What is Latitude and Longitude?
Latitude is measured North or South of the Equator, resulting in a range of -90 (S pole) to +90 (N pole) degrees. The Equator is the parallel that divides the globe into two halves, the Northern and Southern Hemispheres. Any point on the globe below the equator has a negative value for latitude, while points above the equator have positive latitude values.
Longitude is measured East or West of Greenwich, and can be expressed in different ways. For example, 120 degrees West Longitude is also 240 degrees East Longitude, since the earth is round, and 360 degrees make a circle. The choice of sign for longitude is also somewhat arbitrary. Some uses require (+) for West, others use (+) for East.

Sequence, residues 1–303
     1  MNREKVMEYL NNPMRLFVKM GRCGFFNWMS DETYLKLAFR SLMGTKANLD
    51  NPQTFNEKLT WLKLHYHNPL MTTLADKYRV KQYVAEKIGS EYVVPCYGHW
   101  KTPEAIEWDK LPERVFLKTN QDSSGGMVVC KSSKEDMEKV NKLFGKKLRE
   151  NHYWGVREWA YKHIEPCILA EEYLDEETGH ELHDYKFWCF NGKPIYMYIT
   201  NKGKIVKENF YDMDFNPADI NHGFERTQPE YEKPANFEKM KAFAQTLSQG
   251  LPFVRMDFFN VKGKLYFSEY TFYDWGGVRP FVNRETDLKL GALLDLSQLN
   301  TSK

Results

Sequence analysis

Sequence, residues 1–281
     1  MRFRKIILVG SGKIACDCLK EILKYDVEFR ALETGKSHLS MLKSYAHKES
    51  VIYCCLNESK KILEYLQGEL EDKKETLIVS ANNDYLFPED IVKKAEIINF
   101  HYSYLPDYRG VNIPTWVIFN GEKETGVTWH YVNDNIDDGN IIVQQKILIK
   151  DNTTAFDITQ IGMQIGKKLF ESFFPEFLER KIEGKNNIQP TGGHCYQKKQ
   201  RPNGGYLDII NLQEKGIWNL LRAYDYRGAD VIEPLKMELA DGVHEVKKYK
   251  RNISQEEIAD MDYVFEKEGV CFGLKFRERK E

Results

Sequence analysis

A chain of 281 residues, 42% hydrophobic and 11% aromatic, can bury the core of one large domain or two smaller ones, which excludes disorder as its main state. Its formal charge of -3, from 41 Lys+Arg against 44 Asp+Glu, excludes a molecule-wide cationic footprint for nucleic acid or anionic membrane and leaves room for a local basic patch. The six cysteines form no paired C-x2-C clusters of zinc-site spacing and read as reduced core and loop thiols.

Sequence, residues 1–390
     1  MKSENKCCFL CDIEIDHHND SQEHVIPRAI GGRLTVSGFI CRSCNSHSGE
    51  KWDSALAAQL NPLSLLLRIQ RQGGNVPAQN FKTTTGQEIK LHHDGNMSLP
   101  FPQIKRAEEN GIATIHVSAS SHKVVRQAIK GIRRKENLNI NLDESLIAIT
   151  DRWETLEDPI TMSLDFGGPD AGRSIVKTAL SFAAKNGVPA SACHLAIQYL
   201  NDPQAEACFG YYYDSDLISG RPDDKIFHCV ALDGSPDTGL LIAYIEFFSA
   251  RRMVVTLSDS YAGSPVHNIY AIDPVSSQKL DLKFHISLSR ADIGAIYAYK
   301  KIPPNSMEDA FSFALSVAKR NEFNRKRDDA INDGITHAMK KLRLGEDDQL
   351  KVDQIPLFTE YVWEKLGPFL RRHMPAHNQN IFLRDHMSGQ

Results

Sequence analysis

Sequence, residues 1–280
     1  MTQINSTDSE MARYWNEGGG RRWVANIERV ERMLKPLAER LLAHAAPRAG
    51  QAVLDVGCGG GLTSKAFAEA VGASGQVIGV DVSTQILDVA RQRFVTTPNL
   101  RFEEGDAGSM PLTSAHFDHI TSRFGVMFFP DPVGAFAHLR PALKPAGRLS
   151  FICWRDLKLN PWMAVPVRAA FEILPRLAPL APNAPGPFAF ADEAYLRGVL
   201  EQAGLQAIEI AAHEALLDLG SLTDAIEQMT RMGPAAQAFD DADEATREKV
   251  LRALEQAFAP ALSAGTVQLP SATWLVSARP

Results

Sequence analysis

Although a degree of latitude or longitude is about the same at the equator (60 nautical miles), this is not true as one approaches the poles, where a degree of longitude eventually becomes infinitesimally small. To determine the latitude of a particular location, geographers measure distance in degrees north or south from the Equator. The exact distance of a place north or south from the Equator can be written in degrees, minutes, and seconds; however, it is sufficient to determine distance within a minute or two, not worrying about seconds.
For example, the distance from the Equator to one of the Poles, a quarter of the way around the earth, is 90 degrees (since there are 360 degrees in a complete circle around the globe). For greater accuracy in pinpointing location, each degree is divided into 60 minutes (60') and each minute is divided into 60 seconds (60").
To determine longitude, geographers measure distance in degrees east or west of the prime meridian, which passes through Greenwich, England. For greatest accuracy, longitude is also given in degrees, minutes, and seconds.
The global address of any place on earth includes both latitude and longitude.